Oliver Faribault

May 15, 1815 – Oct. 4, 1850
In Prairie des Français (later called Shakopee) 1839-1850
Compiled and Written by David R. Schleper

Oliver Faribault was born at Prairie du Chien, now in Wisconsin, on May 15, 1815.[1] His father was Jean-Baptiste Faribault, a well-known French-Canadian fur trader with the Northwest and American Fur Companies. His mother was Elizabeth Pelagie Kinzie Haines. (Her name is spelled differently in various documents.) Pelagie was the daughter of a French voyageur and Mdewakanton mother, so Oliver was at least ¼ Dakota.

Oliver’s older siblings were Alexander and Lucie-Anne. His younger siblings were David-Frederick (David), Emilie (Emily), Marie-Louise (Mary Louise), Philippe (Philip) and Frederick-Daniel (Daniel). Among them, only Philip didn’t grow up to adulthood.[2]

In 1804-1805, not far upstream on the Rivière Saint-Pierre (Minnesota River) from present day Carver, the Little Rapids trading post was established. It was first operated by Jean-Baptiste Faribault of the Machilimackinac Fur Company and the Northwest Fur Company and visited by fur traders, Dakota Indians, and Christian missionaries over the next 45 years. The early map indicated that this Indian village was associated with Dakota leader Mazomani.[3]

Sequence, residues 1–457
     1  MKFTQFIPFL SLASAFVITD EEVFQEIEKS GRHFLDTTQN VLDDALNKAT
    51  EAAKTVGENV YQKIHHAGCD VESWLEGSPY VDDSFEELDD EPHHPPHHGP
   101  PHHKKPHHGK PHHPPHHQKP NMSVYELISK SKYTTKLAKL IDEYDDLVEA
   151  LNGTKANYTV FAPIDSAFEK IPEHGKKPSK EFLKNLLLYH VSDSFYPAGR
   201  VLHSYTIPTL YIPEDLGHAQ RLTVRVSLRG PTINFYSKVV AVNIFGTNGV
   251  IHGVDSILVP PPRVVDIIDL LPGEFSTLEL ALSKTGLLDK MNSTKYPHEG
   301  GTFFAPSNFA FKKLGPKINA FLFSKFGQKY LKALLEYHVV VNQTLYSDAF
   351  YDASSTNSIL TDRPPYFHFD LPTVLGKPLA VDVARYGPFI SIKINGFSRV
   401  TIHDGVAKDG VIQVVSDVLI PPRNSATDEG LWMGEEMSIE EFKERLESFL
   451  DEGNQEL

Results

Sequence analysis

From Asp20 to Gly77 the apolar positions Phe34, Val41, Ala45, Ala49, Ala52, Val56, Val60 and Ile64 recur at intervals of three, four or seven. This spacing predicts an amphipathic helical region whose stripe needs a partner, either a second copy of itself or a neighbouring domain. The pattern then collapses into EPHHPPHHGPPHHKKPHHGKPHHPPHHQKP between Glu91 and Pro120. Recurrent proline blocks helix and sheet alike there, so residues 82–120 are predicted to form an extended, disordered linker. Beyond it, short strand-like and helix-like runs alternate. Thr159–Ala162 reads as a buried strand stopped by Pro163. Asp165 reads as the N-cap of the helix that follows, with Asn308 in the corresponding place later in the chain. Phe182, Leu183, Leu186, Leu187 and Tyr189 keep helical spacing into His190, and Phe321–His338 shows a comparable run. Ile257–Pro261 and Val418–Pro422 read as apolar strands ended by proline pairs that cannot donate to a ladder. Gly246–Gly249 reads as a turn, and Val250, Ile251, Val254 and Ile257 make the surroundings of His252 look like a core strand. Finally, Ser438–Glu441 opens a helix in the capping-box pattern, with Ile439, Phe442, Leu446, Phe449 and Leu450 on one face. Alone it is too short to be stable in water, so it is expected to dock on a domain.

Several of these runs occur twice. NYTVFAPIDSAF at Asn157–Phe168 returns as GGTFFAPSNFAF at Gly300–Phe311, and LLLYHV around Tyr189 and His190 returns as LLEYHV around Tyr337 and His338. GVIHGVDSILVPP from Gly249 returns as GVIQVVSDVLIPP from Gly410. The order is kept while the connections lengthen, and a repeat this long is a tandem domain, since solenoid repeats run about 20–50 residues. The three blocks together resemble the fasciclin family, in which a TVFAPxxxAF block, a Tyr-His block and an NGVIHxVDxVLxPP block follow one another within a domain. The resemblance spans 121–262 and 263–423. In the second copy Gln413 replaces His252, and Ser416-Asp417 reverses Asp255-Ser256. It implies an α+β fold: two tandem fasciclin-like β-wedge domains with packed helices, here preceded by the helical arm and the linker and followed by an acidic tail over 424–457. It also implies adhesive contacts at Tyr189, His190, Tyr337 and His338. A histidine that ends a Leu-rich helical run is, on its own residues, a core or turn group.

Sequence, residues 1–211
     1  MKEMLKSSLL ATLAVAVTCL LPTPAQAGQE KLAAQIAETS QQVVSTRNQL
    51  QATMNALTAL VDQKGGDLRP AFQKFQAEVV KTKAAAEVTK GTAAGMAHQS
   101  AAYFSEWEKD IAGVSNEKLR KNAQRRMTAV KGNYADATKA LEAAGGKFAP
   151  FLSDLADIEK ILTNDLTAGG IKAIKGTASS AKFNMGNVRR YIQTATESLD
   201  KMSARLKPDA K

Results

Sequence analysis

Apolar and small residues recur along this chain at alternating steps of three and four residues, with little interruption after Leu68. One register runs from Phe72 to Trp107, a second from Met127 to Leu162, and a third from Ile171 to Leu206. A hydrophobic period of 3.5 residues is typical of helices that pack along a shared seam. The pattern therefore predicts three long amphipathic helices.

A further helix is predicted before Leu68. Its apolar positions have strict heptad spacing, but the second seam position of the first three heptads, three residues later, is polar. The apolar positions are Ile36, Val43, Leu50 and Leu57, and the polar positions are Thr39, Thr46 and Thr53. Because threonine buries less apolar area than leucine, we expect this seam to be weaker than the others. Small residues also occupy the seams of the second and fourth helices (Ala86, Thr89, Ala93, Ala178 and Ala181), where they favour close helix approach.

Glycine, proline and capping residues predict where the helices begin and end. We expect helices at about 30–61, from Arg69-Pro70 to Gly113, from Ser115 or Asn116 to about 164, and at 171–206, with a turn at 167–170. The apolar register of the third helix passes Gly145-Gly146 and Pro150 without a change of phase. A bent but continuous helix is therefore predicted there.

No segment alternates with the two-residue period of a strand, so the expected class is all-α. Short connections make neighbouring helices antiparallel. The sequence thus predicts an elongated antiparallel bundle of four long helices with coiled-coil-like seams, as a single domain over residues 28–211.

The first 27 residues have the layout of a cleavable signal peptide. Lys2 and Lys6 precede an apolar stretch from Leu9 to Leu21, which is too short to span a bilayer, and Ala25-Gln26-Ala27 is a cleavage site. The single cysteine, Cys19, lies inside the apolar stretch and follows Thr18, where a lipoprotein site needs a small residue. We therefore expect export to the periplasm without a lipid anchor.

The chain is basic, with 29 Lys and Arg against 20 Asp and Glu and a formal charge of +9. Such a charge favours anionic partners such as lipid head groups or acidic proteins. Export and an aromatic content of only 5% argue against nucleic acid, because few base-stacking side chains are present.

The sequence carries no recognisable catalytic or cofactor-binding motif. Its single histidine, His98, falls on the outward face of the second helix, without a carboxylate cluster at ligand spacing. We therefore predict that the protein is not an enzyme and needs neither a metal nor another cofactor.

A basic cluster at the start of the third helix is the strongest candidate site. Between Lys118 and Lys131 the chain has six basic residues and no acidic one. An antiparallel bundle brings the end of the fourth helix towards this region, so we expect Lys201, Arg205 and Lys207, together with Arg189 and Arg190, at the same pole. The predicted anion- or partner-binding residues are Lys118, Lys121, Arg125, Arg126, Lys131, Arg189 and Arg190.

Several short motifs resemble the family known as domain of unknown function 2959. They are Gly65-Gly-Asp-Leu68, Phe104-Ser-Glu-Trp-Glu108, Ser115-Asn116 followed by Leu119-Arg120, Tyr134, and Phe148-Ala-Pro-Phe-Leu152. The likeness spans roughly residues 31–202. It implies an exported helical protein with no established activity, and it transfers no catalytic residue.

Jean-Baptiste lived among the Wahpeton community for a few months each year with his Dakota wife, Pelagie. The villagers brought their tanned furs, and their maple sugar to the Trading Post. Faribault would give them glass beads, silver ornaments, tin kettles, iron knives, awl tips, axes, hatchets, and hoes for their summer work. Faribault was there for many years, and he probably enjoyed amicable relations with the community. According to Janet D. Spector, “Faribault probably strengthened his connection to Little Rapids by his marriage to Pelagie Hanse, the twenty-two-year-old widow of a former superintendent of Indian affairs and the mixed-heritage daughter of trader Francois Kinzie.”[4] She and Faribault had several children, including Oliver, and through her, Jean-Baptiste would acquire knowledge about Dakota language and culture, further enhancing his role as cultural middleman at Little Rapids. Oliver spent time at Little Rapids trading post learning the procedures of the fur trade.

In 1819, the Faribault family settled on Pike Island near a new fort, Fort Snelling, at the mouth of the Rivière Saint-Pierre. They were invited to do this by Colonel Henry Leavenworth, who knew that Jean-Baptiste understood the Dakota who lived in the area and could help develop the fur trade in Minnesota. The Dakota were also more likely to trust people who were related to members of their tribe. The family built a log house and farmed. Oliver and his siblings also helped their father with his fur trade business.